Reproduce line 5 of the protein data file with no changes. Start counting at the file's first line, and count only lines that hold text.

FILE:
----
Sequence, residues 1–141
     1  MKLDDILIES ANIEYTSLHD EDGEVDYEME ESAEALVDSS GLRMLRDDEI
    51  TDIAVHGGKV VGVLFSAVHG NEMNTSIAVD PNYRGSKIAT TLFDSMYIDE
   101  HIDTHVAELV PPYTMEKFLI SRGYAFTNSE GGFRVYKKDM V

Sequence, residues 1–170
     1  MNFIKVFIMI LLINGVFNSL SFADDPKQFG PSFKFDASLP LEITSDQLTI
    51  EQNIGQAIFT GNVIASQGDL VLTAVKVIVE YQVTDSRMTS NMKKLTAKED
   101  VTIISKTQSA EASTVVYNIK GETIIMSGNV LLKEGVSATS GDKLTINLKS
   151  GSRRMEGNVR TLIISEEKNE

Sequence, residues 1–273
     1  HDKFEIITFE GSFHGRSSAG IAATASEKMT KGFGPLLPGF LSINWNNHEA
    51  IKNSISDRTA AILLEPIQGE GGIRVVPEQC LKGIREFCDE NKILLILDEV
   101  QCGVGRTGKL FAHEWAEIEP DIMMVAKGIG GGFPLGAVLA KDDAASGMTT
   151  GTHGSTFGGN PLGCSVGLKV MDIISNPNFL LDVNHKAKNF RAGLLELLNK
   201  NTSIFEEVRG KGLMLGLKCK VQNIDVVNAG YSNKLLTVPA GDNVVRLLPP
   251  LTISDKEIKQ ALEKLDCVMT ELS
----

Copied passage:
Sequence, residues 1–170